“After all the eleven judgments of the Court were orally pronounced on 24th April, 1973, CJ Sikri produced and read out in Court a paper which was called the “The View by the Majority” and passed it on for signatures of all thirteen judges on the bench. Four judges, Justices Ray, Mathew, Dwivedi and Beg would have nothing to do with it and demonstrably refused to sign it. Never had the Supreme Court seen such a spectacle. No discussions took place in Court at any time nor could they possibly have taken place in the chambers of the judges on what was “The View by the Majority”, arising from the eleven different judgments. Justice Y.V. Chandrachud later in an interview said “The View by the Majority” paper was not circulated by the CJ. It was presented in Court and he and other judges were constrained to sign it as the CJ was retiring the next day.”
– T.R. Andhyarujina, The Kesavananda Bharati Case (Universal Law Publishing, 2013).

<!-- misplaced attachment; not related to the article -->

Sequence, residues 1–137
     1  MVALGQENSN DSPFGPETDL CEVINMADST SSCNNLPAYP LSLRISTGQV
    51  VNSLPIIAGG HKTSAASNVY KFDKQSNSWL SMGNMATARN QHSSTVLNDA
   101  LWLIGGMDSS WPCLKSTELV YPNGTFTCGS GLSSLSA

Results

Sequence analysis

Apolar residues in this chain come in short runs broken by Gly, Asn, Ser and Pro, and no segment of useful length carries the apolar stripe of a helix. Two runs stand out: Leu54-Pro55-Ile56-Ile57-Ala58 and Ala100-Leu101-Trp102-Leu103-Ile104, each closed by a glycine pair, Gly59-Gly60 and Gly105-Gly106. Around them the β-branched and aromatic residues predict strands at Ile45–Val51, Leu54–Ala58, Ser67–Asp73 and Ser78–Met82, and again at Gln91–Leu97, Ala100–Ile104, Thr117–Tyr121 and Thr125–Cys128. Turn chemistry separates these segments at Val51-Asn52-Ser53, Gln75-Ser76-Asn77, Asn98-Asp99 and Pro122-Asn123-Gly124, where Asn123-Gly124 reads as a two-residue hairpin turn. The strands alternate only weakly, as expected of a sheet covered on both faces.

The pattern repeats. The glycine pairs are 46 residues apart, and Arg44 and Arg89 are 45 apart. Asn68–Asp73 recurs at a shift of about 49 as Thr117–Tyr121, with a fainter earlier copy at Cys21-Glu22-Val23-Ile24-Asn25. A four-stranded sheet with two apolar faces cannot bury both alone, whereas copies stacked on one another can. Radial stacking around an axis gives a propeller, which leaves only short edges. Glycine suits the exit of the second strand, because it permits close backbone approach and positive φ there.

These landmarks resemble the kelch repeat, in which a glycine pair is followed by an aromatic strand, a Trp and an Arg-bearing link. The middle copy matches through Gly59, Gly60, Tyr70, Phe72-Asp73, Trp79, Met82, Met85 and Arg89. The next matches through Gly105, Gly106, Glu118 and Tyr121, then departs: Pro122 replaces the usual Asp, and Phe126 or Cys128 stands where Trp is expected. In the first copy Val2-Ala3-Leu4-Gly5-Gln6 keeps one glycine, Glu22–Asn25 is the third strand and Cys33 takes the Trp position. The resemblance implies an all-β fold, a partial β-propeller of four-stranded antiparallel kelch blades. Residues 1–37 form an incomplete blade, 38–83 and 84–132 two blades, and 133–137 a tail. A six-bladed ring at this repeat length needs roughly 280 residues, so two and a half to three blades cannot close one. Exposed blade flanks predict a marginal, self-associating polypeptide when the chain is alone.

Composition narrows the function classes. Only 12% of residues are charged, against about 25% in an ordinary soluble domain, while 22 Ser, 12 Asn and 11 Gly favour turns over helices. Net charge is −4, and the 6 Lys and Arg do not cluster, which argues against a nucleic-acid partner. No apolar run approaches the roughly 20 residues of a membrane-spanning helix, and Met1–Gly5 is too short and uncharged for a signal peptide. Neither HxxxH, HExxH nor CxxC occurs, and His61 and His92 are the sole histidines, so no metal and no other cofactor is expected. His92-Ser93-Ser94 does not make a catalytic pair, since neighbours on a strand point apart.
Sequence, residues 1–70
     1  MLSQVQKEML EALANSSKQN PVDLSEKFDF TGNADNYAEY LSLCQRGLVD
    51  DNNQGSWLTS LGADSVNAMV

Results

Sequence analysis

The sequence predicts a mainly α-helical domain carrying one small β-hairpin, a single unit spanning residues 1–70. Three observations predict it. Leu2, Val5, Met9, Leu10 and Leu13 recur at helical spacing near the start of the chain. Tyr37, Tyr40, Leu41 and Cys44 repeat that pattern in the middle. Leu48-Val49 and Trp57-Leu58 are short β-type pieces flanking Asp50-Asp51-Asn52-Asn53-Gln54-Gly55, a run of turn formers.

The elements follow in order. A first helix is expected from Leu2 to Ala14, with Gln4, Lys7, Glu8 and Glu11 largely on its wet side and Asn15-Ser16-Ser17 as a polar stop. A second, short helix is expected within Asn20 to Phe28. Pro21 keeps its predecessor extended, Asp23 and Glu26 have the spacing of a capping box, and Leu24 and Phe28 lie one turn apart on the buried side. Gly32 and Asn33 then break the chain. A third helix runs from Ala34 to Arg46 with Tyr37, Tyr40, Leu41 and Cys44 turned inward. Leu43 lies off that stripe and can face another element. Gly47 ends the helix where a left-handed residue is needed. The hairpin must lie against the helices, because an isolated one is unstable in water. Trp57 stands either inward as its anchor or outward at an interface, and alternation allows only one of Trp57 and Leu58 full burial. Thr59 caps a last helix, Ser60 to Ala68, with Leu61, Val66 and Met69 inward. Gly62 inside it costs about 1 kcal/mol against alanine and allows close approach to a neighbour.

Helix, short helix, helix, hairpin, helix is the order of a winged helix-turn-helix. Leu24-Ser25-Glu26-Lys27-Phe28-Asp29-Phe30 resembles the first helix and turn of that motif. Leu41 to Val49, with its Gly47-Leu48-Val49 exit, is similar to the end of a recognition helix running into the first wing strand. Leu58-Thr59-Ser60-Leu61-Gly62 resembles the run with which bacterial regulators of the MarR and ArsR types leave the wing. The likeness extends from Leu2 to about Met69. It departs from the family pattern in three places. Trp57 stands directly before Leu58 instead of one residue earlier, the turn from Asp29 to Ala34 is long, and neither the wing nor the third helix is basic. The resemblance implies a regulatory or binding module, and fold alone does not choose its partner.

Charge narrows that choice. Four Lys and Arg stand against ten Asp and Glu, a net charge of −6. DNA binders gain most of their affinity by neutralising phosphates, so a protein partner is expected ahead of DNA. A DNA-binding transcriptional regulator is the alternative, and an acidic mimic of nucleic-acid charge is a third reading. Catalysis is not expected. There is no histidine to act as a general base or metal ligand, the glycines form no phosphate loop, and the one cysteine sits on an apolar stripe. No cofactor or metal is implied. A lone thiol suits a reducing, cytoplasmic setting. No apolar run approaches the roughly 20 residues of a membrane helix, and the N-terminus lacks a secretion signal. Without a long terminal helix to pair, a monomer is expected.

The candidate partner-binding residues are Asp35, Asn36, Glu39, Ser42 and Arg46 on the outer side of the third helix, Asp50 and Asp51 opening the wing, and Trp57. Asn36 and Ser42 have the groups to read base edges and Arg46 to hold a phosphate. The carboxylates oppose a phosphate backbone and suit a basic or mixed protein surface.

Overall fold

Many leaders of the Indian bar assert that Palkhivala should be given credit for creating the doctrine of basic structure. Indira Gandhi said the judges had ‘invented‘ the phrase because it did not exist in any Constitution.
Recently, at the release of Chintan Chandrachud’s book, “Balanced Constitutionalism: Courts and Legislatures in India and the United Kingdom“, Senior Advocate, K.K. Venugopal, stirred up a controversy, by urging that the judgment in Kesavananda must be revisited by a bench of more than 13 judges.
Several Advocates in a Writ Petition [Diary No. 43118 of 2016] before the Supreme Court prayed for a declaration that the concept of basic structure evolved in the judgment in Kesavananda Bharti v. Union of India, (1973) 4 SCC 225 “is nothing but blasphemy” and has no foundation in jurisprudence.
Hon’ble Justice Dr. D.Y. Chandrachud considered the prayer ‘frivolous‘: “the judgment has been rendered by a Bench of thirteen judges and constitutes a binding precedent.”